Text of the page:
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How to Make Vegetable Stock


Living in a sustainable way means, first and foremost, thinking about what we buy, and how we can reduce our consumption. Reducing waste is another key consideration. One key activity that can help us move in the right direction in both of these areas is growing our own food at home, and making sure that we make the most of every scrap of the produce we grow. 

Making vegetable stock is one way to make use of the vegetable peelings and scraps left over after you make your means with home grown produce, or fresh, local fruits and vegetables you have bought seasonally and locally.


Why Use Vegetable Scraps to Make Stock?

Using vegetable peelings and scraps to make a healthy vegetarian stock, or broth, is a great way both to reduce your consumption and reduce food waste. 

Vegetable scraps can also sometimes we used to grow more food. And of course, even when you do not use them in another ways, should be composted to return the nutrients to your garden. But making a healthy vegetable stock is another good option to consider.


Which Vegetable Scraps to Use to Make Stock

Making a vegetable stock is very simple. But the efficacy of the results will depend in large part on the specific vegetable scraps that you choose to use. 

Your aim is to create a stock that works well for your palette and for the tastes of those for whom you are cooking. You want to try, as a general rule, to balance sweeter and more savoury flavours.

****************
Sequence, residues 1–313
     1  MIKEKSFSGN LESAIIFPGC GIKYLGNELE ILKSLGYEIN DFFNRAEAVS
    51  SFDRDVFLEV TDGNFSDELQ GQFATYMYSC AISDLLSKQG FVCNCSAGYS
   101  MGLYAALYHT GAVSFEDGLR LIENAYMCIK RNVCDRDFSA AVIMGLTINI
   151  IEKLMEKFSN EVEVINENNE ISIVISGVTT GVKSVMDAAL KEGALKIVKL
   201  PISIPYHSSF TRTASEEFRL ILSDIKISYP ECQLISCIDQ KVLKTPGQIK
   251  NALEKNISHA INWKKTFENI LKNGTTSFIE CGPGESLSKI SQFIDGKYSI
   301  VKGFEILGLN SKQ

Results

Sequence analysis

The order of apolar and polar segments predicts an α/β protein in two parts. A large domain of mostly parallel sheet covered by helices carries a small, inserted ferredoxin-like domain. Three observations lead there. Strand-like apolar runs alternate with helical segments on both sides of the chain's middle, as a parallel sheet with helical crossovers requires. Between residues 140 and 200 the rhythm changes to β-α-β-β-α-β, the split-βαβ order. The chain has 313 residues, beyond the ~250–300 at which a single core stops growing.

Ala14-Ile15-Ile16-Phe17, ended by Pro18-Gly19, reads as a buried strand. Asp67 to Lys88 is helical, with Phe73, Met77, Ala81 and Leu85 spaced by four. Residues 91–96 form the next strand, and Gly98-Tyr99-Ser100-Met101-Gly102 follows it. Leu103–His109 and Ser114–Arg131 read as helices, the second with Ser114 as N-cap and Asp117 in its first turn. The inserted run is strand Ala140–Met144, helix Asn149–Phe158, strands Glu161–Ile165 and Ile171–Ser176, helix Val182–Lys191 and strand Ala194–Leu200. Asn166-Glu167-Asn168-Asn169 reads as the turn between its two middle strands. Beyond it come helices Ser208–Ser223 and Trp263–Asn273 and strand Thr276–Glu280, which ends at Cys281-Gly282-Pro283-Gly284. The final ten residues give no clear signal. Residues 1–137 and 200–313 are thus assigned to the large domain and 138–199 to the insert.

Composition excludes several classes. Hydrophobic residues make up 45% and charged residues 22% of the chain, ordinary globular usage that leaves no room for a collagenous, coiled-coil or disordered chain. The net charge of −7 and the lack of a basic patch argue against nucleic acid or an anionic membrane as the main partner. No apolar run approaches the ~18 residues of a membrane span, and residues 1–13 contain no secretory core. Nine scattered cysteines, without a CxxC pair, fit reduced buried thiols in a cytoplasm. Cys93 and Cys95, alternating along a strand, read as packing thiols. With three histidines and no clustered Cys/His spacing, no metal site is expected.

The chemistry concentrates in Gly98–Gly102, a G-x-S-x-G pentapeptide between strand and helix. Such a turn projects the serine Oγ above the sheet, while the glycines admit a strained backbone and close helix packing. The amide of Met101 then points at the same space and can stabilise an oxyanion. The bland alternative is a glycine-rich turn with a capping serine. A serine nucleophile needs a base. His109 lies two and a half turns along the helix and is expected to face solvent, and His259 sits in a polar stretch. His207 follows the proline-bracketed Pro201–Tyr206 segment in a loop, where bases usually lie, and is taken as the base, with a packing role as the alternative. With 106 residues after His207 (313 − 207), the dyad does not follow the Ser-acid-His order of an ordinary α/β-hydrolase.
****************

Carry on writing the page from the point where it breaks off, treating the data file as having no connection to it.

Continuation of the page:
For the sweet side of the equation, you will want to use scraps from root vegetables such as carrots and parsnips. You can use beetroot too – though these scraps, highly saturated in colour, will dye your stock, and mean that it is not suited to as many recipes. Sweet notes can also come from pea pods, corn cobs, and fennel, for example. 

For the savory side, you'll want some scraps from alliums such as onions and leeks, leafy greens like chard or spinach, and the peels from squash. Tomato scraps might also be used, along with a number of other ingredients from the garden. Don's forget about all the culinary herbs that you might add to give a depth of flavour. 

There are some vegetables scraps that are not ideal to add to a vegetables stock. Potato skins are best not used in a stock, as they can make it too starchy. And it is also best to avoid adding brassica crops to the mix, since these can make a stock bitter. 

But other than avoiding these things, there are few rules about what you can and should include. You can definitely experiment a little to find a flavour combination that works for you.


Making Vegetable Stock

  1. Save scraps as you harvest and cook, placing them into a bag or other container in your freezer until you have a large and varied enough batch of scraps to make some stock. Ideally, aim to have a good blend of around half sweet and half more savoury ingredients. 
  2. Once you have enough scraps ready, take the frozen scraps out of the freezer and place the scraps into a pan. Cover with water and bring it to the boil. (As a general rule of thumb, a quart of water should be added for every 2 cups of scraps.)
  3. Simmer the stock for at least 30 minutes to bring out all the flavours. Add salt and other seasoning to taste. 
  4. Strain the stock to remove all the bits and pieces using a sieve or fine muslin. 
  5. You can then use the stock right away, keep it in the fridge for up to 4 days or so, freeze it for up to 3 months, or use a pressure canner to preserve it for longer in airtight canning jars.



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